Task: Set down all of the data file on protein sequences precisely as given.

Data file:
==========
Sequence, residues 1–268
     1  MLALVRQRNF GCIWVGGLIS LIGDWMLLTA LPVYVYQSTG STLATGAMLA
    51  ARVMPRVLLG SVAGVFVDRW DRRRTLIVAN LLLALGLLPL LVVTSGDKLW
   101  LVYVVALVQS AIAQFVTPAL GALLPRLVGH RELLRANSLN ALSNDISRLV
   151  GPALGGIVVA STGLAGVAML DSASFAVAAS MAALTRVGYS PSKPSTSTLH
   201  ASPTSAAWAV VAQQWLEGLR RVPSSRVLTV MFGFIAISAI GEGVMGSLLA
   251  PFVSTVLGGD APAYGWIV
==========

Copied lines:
Sequence, residues 1–268
     1  MLALVRQRNF GCIWVGGLIS LIGDWMLLTA LPVYVYQSTG STLATGAMLA
    51  ARVMPRVLLG SVAGVFVDRW DRRRTLIVAN LLLALGLLPL LVVTSGDKLW
   101  LVYVVALVQS AIAQFVTPAL GALLPRLVGH RELLRANSLN ALSNDISRLV
   151  GPALGGIVVA STGLAGVAML DSASFAVAAS MAALTRVGYS PSKPSTSTLH
   201  ASPTSAAWAV VAQQWLEGLR RVPSSRVLTV MFGFIAISAI GEGVMGSLLA
   251  PFVSTVLGGD APAYGWIV